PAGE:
Afriqiyah shelves Libyan merger amid upsurge in violence
Afriqiyah Airways and Libyan Airlines have suspended plans for a merger as the two flag carriers' home market struggles to contain a simmering civil war.
"We are not working on this [merger] right now," Afriqiyah chairman said on the sidelines of the IATA AGM in Doha. "We are working together as friends, not competing. They [Afriqiyah and Libyan] may stay separate for some time."
Asked if the two companies – both subsidiaries of Libyan Afriqiyah Aviation Holding Company – will be merged by the end of the decade, Fares responded: "It's impossible to say."
Worsening violence across the North African country has steadily encroached into the aviation sector in 2014. A bomb was detonated on Tripoli Airport's runway in March, while Benghazi Benina Airport has been closed since mid-May because of a military assault by forces loyal to General Khalifa Hifter.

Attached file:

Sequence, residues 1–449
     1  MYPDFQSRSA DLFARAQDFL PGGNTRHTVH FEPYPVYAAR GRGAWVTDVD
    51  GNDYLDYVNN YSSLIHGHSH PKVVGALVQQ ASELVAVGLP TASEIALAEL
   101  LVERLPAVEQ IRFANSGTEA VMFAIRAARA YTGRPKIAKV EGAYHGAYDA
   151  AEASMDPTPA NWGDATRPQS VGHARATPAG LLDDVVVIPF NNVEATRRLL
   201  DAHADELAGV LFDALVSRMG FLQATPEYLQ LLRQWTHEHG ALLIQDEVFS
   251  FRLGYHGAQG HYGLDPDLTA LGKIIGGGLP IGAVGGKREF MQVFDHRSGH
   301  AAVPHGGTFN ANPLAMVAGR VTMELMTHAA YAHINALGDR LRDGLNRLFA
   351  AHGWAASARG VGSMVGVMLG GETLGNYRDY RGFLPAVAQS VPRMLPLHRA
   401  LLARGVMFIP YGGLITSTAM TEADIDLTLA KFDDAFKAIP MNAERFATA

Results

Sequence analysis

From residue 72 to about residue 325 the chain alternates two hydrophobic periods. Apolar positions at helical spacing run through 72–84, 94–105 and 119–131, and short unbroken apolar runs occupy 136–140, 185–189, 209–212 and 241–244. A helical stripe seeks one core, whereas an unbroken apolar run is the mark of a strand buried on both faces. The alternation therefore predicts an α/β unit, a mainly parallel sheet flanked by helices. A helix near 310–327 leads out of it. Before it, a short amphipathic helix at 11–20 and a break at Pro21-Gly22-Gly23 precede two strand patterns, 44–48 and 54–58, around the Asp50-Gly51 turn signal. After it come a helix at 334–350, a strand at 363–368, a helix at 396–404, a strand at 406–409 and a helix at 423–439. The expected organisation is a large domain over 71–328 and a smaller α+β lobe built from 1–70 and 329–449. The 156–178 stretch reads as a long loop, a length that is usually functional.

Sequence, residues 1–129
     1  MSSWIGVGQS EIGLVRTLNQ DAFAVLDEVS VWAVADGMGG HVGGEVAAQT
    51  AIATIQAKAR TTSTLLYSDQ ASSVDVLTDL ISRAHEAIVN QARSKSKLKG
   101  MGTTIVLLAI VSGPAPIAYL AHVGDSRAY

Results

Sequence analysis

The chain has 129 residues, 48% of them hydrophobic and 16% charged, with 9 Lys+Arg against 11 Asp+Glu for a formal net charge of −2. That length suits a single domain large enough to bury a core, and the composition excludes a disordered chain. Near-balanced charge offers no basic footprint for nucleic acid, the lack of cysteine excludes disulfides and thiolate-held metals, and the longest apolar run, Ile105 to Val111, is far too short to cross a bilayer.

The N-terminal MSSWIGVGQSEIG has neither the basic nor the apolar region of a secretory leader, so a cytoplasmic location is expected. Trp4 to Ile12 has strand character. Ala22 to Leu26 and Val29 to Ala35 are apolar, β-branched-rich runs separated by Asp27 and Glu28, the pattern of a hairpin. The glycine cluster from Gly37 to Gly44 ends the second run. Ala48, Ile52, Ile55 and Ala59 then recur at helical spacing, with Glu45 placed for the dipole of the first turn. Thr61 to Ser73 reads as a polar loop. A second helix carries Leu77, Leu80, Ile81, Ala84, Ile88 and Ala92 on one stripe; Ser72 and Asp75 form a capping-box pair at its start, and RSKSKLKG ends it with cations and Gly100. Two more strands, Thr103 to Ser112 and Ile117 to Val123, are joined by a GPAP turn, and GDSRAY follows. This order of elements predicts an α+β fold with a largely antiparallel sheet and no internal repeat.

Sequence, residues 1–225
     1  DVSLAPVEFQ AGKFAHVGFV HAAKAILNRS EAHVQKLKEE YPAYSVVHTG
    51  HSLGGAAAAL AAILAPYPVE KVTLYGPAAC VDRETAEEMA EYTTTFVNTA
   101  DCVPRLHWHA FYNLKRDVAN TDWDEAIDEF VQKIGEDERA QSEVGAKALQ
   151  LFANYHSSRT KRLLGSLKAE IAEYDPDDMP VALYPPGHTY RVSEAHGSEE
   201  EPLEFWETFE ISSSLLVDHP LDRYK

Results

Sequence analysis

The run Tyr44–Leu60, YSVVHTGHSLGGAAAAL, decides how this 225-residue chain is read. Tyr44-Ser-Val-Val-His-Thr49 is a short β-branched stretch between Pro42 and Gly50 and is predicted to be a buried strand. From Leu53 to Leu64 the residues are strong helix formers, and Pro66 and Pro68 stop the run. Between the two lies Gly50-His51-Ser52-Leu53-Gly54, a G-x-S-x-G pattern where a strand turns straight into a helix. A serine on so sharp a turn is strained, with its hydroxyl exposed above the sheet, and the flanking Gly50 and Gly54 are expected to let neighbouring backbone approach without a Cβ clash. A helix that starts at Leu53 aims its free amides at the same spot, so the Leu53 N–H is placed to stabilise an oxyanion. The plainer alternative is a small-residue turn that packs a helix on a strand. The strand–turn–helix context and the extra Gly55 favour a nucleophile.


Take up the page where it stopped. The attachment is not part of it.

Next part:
Afriqiyah had hoped to resume operations at Benina on 25 May, Fares said, but the airport will remain closed for "maybe another 10 days" while the clampdown on Islamist group Ansar al-Sharia continues.
"General Hifter started the fighting, and because of crossfire we cannot ensure it [the airport] is safe," he admitted. "We cannot risk passengers' lives."
Fares added that efforts to lift the so-called "voluntary ban" on Libyan carriers entering EU airspace have not progressed. "It's not fair," he said. "They say it's a CAA issue, but they're not doing anything to help us. Our security and safety is up to standard."
While the ban remains in place, some of Afriqiyah's Airbus A320s are being transferred to Air Contractor's Irish registry so that they can be deployed on European routes. The first unit (EI-ONJ) will begin flying to London Gatwick Airport this week, Fares confirmed.